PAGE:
Midwest receivers enjoy a long-established infrastructure of truck, rail, and air delivery routes, with bustling hubs from Cleveland to Des Moines.
As is widely known, but bears repeating here, is that the Midwest is within a day’s drive of 80 percent of the U.S. population. This brings unbridled opportunity to the region’s suppliers, along with a few headaches.
Fortunately, by drawing on the use of sophisticated data analytics, shippers can improve outbound delivery times, especially as in-bound freight costs spike and the industry continues to suffer through a capacity crunch. Trucking shortages from key sourcing areas continue to have an impact on most everyone along the perishables supply chain.
From Cincinnati to Minneapolis, receivers are dealing with longer delivery windows, most associated with the implementation and use of electronic logging devices (ELDs). Some drivers, rather than buy new equipment and learn the technology, decided to retire and leave it all behind.
Don Goetz, president of Fries Brothers, Inc., in Cincinnati, acknowledges the new technology’s impact on daily operations. “Electronic loggers have added at least one day to most deliveries,” he says.
Corsaro, at Indianapolis Fruit, concurs. “It’s been extremely important for us to allow additional time for purchase orders to load.”
Climbing shipping and delivery times and higher costs are the product of a perfect storm of driver shortages and regulatory changes. Delivery times that could formerly be accomplished by a solo driver now demand teams or stopping at distribution hubs, which add expense and critical timing.
“A reefer team load can cost on average 10 to 12 percent more than a single driver depending on lane, mileage, and other load factors,” points out Kerry Byrne, president of Total Quality Logistics LLC, Cincinnati.
Out of necessity, price boosts are being passed along the supply chain, and receivers are turning to technology to ease the burden and streamline operations.
Corsaro, for one, has jumped on the bandwagon: “We’re using more analytics,” he says, “to improve our regional delivery time.”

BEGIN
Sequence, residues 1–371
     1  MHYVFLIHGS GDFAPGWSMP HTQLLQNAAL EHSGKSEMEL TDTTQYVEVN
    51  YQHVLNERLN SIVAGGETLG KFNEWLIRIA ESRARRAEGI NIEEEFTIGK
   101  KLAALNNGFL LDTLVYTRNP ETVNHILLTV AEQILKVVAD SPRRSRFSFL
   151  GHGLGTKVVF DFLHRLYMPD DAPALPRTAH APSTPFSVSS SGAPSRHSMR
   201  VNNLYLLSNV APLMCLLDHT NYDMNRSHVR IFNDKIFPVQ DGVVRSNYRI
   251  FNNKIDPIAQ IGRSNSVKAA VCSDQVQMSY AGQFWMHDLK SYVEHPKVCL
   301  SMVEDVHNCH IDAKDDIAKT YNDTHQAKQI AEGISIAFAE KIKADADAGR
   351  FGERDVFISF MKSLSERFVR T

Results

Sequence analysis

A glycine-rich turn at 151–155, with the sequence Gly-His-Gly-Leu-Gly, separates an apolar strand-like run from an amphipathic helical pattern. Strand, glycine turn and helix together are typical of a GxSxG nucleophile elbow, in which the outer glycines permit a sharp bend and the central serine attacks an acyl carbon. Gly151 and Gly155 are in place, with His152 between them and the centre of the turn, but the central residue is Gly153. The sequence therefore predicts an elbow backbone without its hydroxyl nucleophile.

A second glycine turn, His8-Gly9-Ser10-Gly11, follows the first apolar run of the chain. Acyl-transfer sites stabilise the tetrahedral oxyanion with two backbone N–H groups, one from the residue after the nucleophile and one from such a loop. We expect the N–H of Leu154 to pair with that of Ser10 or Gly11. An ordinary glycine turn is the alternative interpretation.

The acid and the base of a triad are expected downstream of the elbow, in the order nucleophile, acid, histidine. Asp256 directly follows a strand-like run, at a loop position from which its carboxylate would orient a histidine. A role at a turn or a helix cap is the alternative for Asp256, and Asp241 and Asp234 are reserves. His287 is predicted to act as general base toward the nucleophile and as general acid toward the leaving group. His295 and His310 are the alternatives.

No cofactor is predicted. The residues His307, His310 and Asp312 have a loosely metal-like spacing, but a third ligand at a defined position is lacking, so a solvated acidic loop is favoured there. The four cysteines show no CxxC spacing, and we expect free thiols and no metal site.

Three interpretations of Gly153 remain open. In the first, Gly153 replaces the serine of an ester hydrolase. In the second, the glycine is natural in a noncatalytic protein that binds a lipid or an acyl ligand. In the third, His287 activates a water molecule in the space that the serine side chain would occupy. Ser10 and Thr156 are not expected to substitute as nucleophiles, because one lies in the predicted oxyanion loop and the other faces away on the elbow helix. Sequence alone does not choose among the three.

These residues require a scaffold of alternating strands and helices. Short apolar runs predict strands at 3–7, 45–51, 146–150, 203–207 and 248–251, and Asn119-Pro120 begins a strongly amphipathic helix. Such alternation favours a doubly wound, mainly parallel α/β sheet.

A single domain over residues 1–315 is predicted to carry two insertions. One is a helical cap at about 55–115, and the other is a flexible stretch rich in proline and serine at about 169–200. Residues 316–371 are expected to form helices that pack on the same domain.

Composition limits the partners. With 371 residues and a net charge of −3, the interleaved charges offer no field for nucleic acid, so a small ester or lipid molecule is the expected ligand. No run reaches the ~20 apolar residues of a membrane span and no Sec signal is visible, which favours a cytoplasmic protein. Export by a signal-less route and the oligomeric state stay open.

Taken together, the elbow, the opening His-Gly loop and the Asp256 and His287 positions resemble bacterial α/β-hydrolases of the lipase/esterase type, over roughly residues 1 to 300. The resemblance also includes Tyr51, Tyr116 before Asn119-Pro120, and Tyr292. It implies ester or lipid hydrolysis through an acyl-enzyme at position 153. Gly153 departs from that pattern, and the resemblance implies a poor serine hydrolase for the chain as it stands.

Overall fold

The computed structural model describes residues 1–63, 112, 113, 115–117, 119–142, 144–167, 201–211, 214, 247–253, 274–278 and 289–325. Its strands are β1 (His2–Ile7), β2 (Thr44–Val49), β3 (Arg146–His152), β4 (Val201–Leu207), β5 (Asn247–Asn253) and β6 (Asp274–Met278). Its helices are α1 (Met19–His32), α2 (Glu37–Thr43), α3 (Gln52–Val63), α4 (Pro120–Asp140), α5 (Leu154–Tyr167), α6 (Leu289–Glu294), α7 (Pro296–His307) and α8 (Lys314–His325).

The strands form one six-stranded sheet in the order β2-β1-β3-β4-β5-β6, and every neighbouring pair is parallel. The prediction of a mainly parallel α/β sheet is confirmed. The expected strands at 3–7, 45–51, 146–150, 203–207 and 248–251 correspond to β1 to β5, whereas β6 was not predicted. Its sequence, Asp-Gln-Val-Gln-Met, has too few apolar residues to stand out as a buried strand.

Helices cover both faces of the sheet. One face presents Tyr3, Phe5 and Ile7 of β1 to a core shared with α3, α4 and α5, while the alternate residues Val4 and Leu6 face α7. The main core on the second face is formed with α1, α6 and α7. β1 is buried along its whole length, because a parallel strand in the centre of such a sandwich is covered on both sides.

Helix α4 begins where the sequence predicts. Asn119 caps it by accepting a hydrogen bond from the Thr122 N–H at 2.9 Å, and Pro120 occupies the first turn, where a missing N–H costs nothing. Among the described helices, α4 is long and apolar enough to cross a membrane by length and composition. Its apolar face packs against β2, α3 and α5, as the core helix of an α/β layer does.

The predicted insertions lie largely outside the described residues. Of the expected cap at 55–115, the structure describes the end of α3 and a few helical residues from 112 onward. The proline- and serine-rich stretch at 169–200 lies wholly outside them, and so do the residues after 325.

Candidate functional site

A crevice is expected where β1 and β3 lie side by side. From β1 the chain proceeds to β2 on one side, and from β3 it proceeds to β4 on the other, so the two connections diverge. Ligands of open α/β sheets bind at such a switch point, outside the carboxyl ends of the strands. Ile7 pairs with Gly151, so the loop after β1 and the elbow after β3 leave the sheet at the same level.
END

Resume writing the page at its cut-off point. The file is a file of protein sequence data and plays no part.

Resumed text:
By implementing new management software and equipment upgrades, schedules can be created to oversee complex loading and unloading maneuvers and reduce downtime. Though there are upfront costs, users look forward to plenty of rewards down the road.
Byrne identifies trucking capacity as his company’s greatest challenge during the past year. “We’ve met this challenge by leveraging our technology investments, allowing us to mine and analyze our historical shipping data and intelligently source carriers for our customers’ loads, giving us access to greater capacity,” he explains.
The company is also striving to live up to its name by “helping our shipping customers better understand their supply chains and mitigate the risks of service disruptions,” adds Byrne.
“We’re helping them prioritize in-demand freight and offering capacity and service for more labor-intensive, high-maintenance loads,” he says.
As truck and driver availability have remained tight, some Midwest receivers have also turned back to an old standby: rail. “Rail is making another strong push to counteract the woes in the trucking industry,” says Sam Maglio, Jr., president of the Maglio Companies, headquartered in Milwaukee, WI.
“Intermodal is mostly cost neutral, whereas reefer cars offer savings if you can load/unload door to door.” Still, trucks remain essential. “Some time-sensitive commodities, like berries or fresh-cut, need to move on a quick door-to-door truck,” he says.
This is an excerpt from the most recent Produce Blueprints quarterly journal. Click here to read the full article.